Credit Crunch Leaves Charities in Cash Crisis

The God's Love We Deliver sought to generated much needed money for the beleaguered charity.

The God's Love We Deliver sought to generated much needed money for the beleaguered charity.

Gregory M. White

November 24, 2008

The leaves crunched beneath the runners’ feet as the first chilly winds of winter blew past the starting line. They had come from across New York City to queue for the 15th annual God’s Love We Deliver charity run on that November Sunday morning. They were not a moment too soon for those most in need.

As Wall Street’s wintertime chestnuts continue to roast under the flames of an ever-declining economy, New York City’s local charities are being burdened with a financial failure that will make their ability to fulfill their goals that much more difficult. The Dow Jones Industrial Average’s fall from heights of over 14,000 just over a year ago to lows around 7,500 points this month has symbolized an economic collapse compared to the Great Depression. But the struggle for charities to meet the needs of many Americans left impoverished by the crisis may soon become more an emblem of the times.

God’s Love We Deliver seeks to provide meals for people homebound by illness. Her 17 years as a volunteer have left Roz Gilbert adamant about the importance of this organization. But this year she has seen a cash drought.

“I couldn’t believe how many checks I didn’t get this year,” she said.

Gilbert said that God’s Love We Deliver provides more than 1,600 meals per day and that she was concerned the loss of funds could impact the organization’s ability to meet the needs of the community.

The race, with its goal of raising money for the year’s expenditures, has not been immune. “Even my group, I’m not going to get to $10,000 this year,” she said about her own running team.

The falls of Bear Stearns in March and Lehman Brothers in September have made the finances of New York’s charities particularly precarious. Both organizations donated heavily to charities, often doubling workers’ gifts as well as providing generous corporate grants.

God’s Love We Deliver received $1,865,799 in charity donations from corporations and foundations last year. This amounted to 19.7 percent of donations and nearly the same amount of yearly costs, much of which may be at risk from the financial crisis

There were no financial services corporations on the list of 2008 sponsors for God’s Love’s charity run, except for Bloomberg, the information services firm. Other sponsors included retail brands Nike and MAC Cosmetics.

Institutions like Meals on Wheels are also suffering through the crisis. Beth Shapiro, director of marketing and communications, described the decrease in funding as sizable. It includes a $500,000 loss in donations from the fall of Bear Stearns alone.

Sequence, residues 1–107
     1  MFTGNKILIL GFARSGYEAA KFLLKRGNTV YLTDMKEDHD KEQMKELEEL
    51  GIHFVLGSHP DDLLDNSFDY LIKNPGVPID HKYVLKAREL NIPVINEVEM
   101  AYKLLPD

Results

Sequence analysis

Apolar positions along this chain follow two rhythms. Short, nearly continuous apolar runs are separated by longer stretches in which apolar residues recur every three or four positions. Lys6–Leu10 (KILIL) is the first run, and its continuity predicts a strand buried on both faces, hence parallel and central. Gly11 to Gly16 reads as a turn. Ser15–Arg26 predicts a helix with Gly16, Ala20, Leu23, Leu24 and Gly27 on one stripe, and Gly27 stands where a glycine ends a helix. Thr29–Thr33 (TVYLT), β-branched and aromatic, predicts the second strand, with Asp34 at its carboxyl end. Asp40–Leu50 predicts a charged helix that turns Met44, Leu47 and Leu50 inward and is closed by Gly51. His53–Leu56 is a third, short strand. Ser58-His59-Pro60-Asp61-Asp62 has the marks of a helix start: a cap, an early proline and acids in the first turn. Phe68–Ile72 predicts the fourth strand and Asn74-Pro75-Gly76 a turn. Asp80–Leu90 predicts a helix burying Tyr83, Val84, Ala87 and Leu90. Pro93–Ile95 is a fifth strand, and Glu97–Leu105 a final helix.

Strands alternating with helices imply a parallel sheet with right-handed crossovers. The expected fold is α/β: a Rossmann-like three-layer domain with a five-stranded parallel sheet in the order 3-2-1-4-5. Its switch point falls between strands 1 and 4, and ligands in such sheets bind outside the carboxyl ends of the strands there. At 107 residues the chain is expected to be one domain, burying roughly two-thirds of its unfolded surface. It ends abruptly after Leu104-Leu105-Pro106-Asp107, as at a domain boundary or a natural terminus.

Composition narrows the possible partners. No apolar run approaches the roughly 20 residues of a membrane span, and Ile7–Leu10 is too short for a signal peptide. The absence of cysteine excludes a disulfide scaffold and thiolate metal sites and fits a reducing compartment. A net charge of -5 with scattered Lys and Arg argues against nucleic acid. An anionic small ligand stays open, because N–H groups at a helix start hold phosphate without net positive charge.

“Who anticipated the fall of Bear Stearns? For us to make up $500,000 it’s not going to happen this year,” she said.

Meals on Wheels lost both the Lehman Brothers and AIG corporate matching programs in just one week, Shapiro said, part of a $225,000 loss just from firms in the financial sector. With an annual budget of $20 million, this amounts to a sizable loss. The Bear Stearns loss alone equals 90,000 fewer meals for clients, Shapiro said. She hopes that holiday fundraising can overcome this deficit.

“If we don’t meet our demands now we will be in jeopardy, meals will be in jeopardy,” she said.

While Meals on Wheels is restructuring to streamline and make services more efficient, Shapiro is still fearful.

“We don’t want to not deliver meals to people who can’t get out,” she said.

The global economic collapse has brought down some of Wall Street’s largest banks, and the deep devaluations of stocks, bonds and other investments affects charities as well. Lehman Brothers alone donated $30.8 million to charities in fiscal year 2007, a number that will not be made up this year. But even for the survivors, their ability to donate has been decreased by plummeting stock values and advancing debt on the weakness of their balance sheets.

Some have even cancelled Christmas parties, including UBS, the Swiss investment bank caught in a tax-evasion scandal. Last year UBS donated $38.1 million to charity to groups such as the Children’s Aid Society of New York. UBS representatives were unable to comment on how a decline in profits would impact charitable giving or the employee-matching program.

Citigroup donated $145 million to charities last year globally. Citi refused to comment on donation plans for the year, though the recent government bailout for the group may suggest difficulties in meeting all charitable commitments.

Firms like Freddie Mae and Fannie Mac, whose donations to charities were sizable, were unable to say what changes they are making as a result of being under conservatorship.  Spokesmen for both said all programs were under review.

Charities that cater to less than immediate needs are also being affected by the crisis. The Henry Street Settlement, which supports cultural works and community development on the Lower East Side, has also seen the impact of the financial collapse. Susan LaRosa, director of marketing and communications, said that the now-bankrupt Lehman Brothers was the underwriter for the group’s annual gala art show, its largest fundraiser of the year. According to Lehman Brothers records, this underwriting amounted to $175,000 in 2007.